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Elysium (Movie) Review

 
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elysium-movie-poster-650x406
elysium-movie-poster-650x406

 
At A Glance...
 

Genre:
 
Director:
 
Age Rating:
 
Actor: , ,
 
Length: 109 minutes
 
Release Date: 21st August 2013 (UK)
 
Story Line: It’s the late 21st Century and the Earth has become over-polluted and over-populated. Its residents live in slums, disease is rife and employment rare. Society is policed by no-nonsense robots which enforce the law to the letter. Meanwhile, the planet’s elite have all escaped to Elysium, a luxurious, utopian space station where there is no disease or crime. They are waited on by robot servants and have illnesses and injuries cured by residential medical pods. Everyone on Earth wants to get to Elysium, whereas those in charge of its defence and security will do everything in their power to ensure nobody unwelcome gets in.
 
Final Score
 
 
 
 
 
2/ 5


User Rating
1 total rating

 

We liked?


An intriguing premise and visually stunning, similar in style and technique to Blomkamp's superb District 9

Not so much?


Laden with plot-holes, poorly written dialogue and below-par performances. The tiresome hand-held camera method also irritated.


Final Fiendish Findings?

At a little under two hours, this wasn’t even enjoyable entertainment to pass the time for me. I found it to be far too messy, far too flawed and way too intense for its own good and I really struggled to enjoy it. A really disappointing experience which has only made me want to dig out my District 9 DVD again.

0
Posted September 6, 2013 by

 
Full Fiendish Findings?
 
 

It’s the late 21st Century and the Earth has become over-polluted and over-populated. Its residents live in slums, disease is rife and employment rare. Society is policed by no-nonsense robots which enforce the law to the letter.  Meanwhile, the planet’s elite have all escaped to Elysium, a luxurious, utopian space station where there is no disease or crime. They are waited on by robot servants and have illnesses and injuries cured by residential medical pods. Everyone on Earth wants to get to Elysium, whereas those in charge of its defence and security will do everything in their power to ensure nobody unwelcome gets in. One such person is Matt Damon’s Max Da Costa, who upon learning that he only has a short amount of time to live following a major accident, undertakes drastic measures and sacrifices in order to make it to Elysium and cure himself.

This is the intriguing premise of Director Neil Blomkamp’s visually stunning follow-up to the superb District 9 and there are clear comparisons between the two; the robots are sleek and slim-line and share a similar physique to the aliens in District 9, whilst the slums inhabited by the aliens in District 9 and the people in Elysium also look distinctively similar. Blomkamp’s techniques and style deployed in Elysium also draw comparisons and I wonder if these will become something of a trademark for him.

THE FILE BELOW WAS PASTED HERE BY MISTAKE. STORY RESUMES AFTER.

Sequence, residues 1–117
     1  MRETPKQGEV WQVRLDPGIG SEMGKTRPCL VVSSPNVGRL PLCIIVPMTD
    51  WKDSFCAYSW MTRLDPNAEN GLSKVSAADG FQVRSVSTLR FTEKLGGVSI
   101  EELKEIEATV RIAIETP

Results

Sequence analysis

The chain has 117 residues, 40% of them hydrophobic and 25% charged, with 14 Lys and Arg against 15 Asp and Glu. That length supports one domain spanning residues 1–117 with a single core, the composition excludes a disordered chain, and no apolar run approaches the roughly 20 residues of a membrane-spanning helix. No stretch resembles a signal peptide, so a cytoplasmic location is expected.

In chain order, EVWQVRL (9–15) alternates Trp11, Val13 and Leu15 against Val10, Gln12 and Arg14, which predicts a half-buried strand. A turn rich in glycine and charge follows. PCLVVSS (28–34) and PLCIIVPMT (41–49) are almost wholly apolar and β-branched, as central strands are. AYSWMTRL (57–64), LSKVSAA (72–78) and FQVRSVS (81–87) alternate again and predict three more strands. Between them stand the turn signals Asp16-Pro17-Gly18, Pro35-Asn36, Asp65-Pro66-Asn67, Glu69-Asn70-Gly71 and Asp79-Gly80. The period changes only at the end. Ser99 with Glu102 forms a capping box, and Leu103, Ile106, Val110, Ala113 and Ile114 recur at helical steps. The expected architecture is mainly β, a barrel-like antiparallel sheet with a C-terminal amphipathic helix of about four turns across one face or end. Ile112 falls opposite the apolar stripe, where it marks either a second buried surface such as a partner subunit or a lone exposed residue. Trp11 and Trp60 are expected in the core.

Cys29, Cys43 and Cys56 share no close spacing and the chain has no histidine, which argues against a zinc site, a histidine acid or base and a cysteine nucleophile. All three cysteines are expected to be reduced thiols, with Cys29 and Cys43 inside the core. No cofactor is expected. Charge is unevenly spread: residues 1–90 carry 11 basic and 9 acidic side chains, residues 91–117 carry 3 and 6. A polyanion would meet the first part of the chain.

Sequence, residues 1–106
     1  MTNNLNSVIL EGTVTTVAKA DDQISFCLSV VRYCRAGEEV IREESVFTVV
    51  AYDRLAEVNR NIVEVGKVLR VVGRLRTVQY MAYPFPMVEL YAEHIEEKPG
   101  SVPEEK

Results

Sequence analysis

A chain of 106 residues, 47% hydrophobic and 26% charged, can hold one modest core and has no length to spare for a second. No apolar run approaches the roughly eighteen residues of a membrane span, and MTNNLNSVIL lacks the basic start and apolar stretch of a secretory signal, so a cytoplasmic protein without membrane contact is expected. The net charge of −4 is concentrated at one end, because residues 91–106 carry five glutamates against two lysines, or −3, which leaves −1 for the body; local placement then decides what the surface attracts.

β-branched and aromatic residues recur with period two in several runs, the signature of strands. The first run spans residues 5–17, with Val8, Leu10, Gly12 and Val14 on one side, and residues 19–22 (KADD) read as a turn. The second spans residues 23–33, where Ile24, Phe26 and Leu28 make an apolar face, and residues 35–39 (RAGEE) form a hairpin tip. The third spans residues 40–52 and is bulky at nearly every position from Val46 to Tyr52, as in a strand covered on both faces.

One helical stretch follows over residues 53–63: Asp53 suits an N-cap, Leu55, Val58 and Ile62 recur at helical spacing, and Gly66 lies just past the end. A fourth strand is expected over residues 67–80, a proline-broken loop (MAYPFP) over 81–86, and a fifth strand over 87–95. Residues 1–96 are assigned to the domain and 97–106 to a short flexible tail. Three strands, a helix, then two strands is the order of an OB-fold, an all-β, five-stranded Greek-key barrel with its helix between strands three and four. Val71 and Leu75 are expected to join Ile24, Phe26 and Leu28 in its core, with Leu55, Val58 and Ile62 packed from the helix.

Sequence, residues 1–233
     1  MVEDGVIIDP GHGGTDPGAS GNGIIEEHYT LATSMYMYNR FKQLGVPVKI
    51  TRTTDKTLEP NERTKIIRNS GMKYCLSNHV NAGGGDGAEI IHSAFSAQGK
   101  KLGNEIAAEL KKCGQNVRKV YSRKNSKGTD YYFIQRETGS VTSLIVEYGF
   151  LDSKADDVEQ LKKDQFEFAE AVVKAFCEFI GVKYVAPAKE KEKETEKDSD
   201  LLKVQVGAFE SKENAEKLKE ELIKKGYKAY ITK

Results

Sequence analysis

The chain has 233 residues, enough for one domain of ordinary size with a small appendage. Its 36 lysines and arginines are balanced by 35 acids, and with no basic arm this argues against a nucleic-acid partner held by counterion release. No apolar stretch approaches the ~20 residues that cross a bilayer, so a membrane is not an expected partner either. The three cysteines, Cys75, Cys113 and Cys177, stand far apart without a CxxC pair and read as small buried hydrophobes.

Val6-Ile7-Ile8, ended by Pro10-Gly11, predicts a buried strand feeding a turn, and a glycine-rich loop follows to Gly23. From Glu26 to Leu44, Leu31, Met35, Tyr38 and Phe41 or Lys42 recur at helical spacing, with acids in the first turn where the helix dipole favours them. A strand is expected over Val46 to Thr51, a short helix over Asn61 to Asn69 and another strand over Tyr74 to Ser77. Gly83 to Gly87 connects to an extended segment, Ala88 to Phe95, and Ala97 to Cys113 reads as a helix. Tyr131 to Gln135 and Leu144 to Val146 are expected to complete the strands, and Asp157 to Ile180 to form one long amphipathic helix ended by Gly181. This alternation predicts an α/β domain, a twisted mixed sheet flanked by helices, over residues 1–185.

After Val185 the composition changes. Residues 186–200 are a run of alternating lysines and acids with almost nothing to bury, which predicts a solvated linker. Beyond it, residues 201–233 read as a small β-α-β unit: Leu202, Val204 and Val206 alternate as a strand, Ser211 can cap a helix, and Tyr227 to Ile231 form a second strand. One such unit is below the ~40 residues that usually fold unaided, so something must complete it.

However, despite these comparisons, Elysium is nowhere near as accomplished or even as entertaining when it comes to the plot, the characters, the dialogue or the action itself.

It’s wrought with plot-holes and scenes that had me shaking my head in combined confusion and disbelief, but worse yet was the atrocious screenplay, with the dialogue delivered by an array of performances that varied from over-the-top (Shartlo Copley, excellent in District 9) to mundane (Damon). Somewhere in a category all on her own is Jodie Foster, who was quite simply terrible and whether it was down to a technical issue with the editing or whether it was deliberate, boasted the most intriguing, distracting and confusing accent I think I’ve ever seen on screen.

These aren’t necessarily defining flaws in action / sci-fi films, as long as the action itself is exciting and well done. Unfortunately, though, this is not the case here. Blomkamp’s tiresome use of the hand-held camera technique meant it was near impossible to work out what was going on during some of the close-combat battles, and the shaky jolting during some of the higher tempo scenes was just irritating. It would be easy to reference Bourne here, what with Damon the headline star and The Borne Identity showing the world how the hand-held technique can be effectively utilised, but that wouldn’t really be fair to Blomkamp because he did manage to execute the method successfully in District 9. Why he couldn’t seem to be able to pull it off again here is just one of the many questions I have about this film.

What makes these issues all the more irritating is that the visuals truly are incredible, but whereas it is common to see films that are all style with no substance; i.e. they look spectacular and sacrifice a good plot and screenplay for intricate and detailed CGI; they tend not to take themselves too seriously and so you can allow for a few plot holes and some hammy acting if you are enjoying the visuals and effects. Elysium does take itself seriously, though, and it is trying (and failing) to tell a story. As a result, the poorly written plot and screenplay, the poorer performances and the badly constructed action scenes and set pieces become entirely noticeable in between the outstanding visuals.

At a little under two hours, this wasn’t even enjoyable entertainment to pass the time for me. I found it to be far too messy, far too flawed and way too intense for its own good and I really struggled to enjoy it. A really disappointing experience which has only made me want to dig out my District 9 DVD again.


John

 
A fan of quality TV and movies since as long as I can remember, I love watching, talking, writing and thinking about just about any film going. So that's what I'm going to do...